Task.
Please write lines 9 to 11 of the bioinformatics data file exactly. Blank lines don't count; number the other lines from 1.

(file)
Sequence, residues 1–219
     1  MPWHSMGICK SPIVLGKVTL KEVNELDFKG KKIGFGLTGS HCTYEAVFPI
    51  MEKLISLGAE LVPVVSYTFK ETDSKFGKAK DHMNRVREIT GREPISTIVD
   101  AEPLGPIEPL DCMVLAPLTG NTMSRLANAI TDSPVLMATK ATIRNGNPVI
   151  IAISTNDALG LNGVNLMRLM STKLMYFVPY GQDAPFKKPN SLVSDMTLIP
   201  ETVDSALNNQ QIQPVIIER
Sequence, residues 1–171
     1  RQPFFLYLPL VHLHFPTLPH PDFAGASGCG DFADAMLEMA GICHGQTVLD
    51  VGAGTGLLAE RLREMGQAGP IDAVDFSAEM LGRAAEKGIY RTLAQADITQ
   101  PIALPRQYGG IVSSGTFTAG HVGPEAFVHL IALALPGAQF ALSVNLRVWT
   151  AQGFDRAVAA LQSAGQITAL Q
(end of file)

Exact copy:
    51  VGAGTGLLAE RLREMGQAGP IDAVDFSAEM LGRAAEKGIY RTLAQADITQ
   101  PIALPRQYGG IVSSGTFTAG HVGPEAFVHL IALALPGAQF ALSVNLRVWT
   151  AQGFDRAVAA LQSAGQITAL Q